Tuesday, April 6, 2010

Letters to... Oh, whatever

Maybe because I e-know some e-people who are starting their non-e MFA's, I've been thinking a little about my own grad schooling.

Here's what I'd say for the benefit of those e-people, none of whom needs my help in the slightest.....

1. Your truest, you-est stories might not be the ones people love or the ones people hate. They might be the ones people don't have much basis for, the ones they meet with a not-ungenerous quiet.

2. If you're made to read or hear stuff about how much work writing is, how much bleeding and torture should be involved, be suspicious. Seriously, why the fuck would anybody ever consider doing something as nuts as fiction writing if it was no fun? Whatever a real good time is, for you, that's what you should be having when you write. Doesn't matter if it all gets thrown out.


伊翊彬彬芷蘭 said...


E.P. Chiew said...

Hello Scott!
May I respectfully disagree with your two above points?

-- I think we are born to agonize over our art and this is healthy. Maybe some of us are more candid about this internal self-realization than others, and perhaps we should be more circumspect, but I think it all adds to the mix.

-- Two, I think (although even here, my thought continually evolves) that agonizing our art is a process by which we constantly ride our joyous creativity and combat the forces and our fear of Time, Space and Death.

I quote the two sources below in grand support (LOL) of my argument:

-- Farewell happy fields
Where joy for ever dwells: Hail horrors, hail
Infernal world, and thou profoundest Hell
Receive thy new Posessor; One who brings
A mind not to be chang'd by Place or Time,
The mind is its own place, and in it self
Can make a Heav'n of Hell, a Hell of Heav'n,
What matter where, if I be still the same....?

-- Milton


From Harold Bloom, the Anxiety of Influence,

"Modern poets are necessarily miserable dualists, because this misery, this poverty is the starting point of their art -- Stevens speaks appropriately of the "profound poetry of the poor and of the dead." Poetry may or may not work out its own salvation in a man, but it comes only to those in dire imaginative need of it, though it may come then as terror.And this need is learned first through the young poet's or ephebe's experience of another poet, of the Other whose baleful greatness is enhanced by the ephebe's seeing him as a burning brightness against a framing darkness.....for all these are visions of Creation gone malevolent and entrapping, of a splendor menacing the Promethean Quester every ephebe is about to become."
(For me, that could just as well speak to the budding/emerging writer as an ephebe.)

E.P. Chiew said...

By the way, the chinese quote in the first comment is advising us to laugh more often, laughter opens up the heart. Also good reminder. :-)

Scott Garson said...

hi elaine!

great stuff....

i'm thinking about the Bloom.... Something like misery may be the starting point for me, but if the misery is active-- there's no sustainable writing out of that.... I can screech on paper when i'm in that state but I'm no poet; hard to make anything good.....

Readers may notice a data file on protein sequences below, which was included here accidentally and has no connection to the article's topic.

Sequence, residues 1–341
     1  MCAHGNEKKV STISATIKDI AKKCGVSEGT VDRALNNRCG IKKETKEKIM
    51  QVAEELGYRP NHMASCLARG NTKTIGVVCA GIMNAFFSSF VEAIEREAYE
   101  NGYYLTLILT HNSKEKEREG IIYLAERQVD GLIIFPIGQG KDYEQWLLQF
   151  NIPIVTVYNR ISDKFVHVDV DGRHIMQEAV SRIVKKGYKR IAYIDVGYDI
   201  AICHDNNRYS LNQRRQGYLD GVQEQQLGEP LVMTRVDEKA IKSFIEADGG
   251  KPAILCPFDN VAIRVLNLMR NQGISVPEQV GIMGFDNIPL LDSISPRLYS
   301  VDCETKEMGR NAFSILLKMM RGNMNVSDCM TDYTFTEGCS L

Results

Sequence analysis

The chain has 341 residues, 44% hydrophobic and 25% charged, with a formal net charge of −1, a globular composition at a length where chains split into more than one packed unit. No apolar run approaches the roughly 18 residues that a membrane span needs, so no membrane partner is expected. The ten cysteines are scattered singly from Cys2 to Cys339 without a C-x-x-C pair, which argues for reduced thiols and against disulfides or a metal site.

i do think it all has to do w/ influence / comparisons. in my days of having less fun writing, I formalized things more, put it all outside of me. Like, putting in hours at the keyboard, going for a set number of words, towards a goal that i saw in advance and was already evaluating my work in terms of....

if Milton's right, if we can make anything anything {here's my big argument :)}, I say: put desire in the lead....

(that way, even if it all gets tossed in the trash bin, it hasn't been for nothing.....)

E.P. Chiew said...

Hi there Scott:

Yes, I think Bloom makes the argument that budding ephebes have to be able to push their anxiety away (think -- as I understand it -- he laughingly calls it the Covering Cherub, from Blake in a misprision of Milton in a misprision of Ezekiel Chp. 28).

Bloom "summon[s] him first namelessly, as a final name is not yet devised by men for the anxiety that blocks their creativeness. He is that something that makes men victims and not poets, a demon of discursiveness and shady continuities, a pseudo-exegete who makes writing into Scriptures. He cannot strangle the imagination, for nothing can do that, and he is in any case too weak to strangle anything. ....Uncovering the Cherub does not require power so much as it does persistence, remorselessness, constant wakefulness; for the blocking agent who obstructs creativity does not lapse into "stony sleep" as readily as the Sphinx does [here, Bloom defines the Sphinx as Sensibility]."

But Bloom also invokes a continuum, for both art and knowledge. "The poet so stations his precursor, so swerves his context, that the visionary objects, with their higher intensity, fade into the continuum." What I take from his is that perhaps we need to see the artistic journey too as "Pataphysical", a continuum. Each book we write is a heraldic rejection of the book we could have written, or that we did write, and indeed of all other books that came before.

In Bloom's terms, perhaps 'exultation' and 'senescence' set in in equal measure upon our art.

And as you say, misery is the starting point, but I think Bloom will argue that your fighting with your extensive anxiety and misery, the anxiety of wanting to be greater than your precursors, is the sine qua non of your genius work to be.

Nietzsche definitely did not kowtow to anxiety. His definition of 'genius' presupposes a wanton ability to overthrow and reject that "tedious and melancholy business [of] overconcentration on ourselves and what harms and helps us." But even he admits that "every talent must unfold itself in fighting."

ttyl! Been fun thinking about this sparked by your note.

Anonymous said...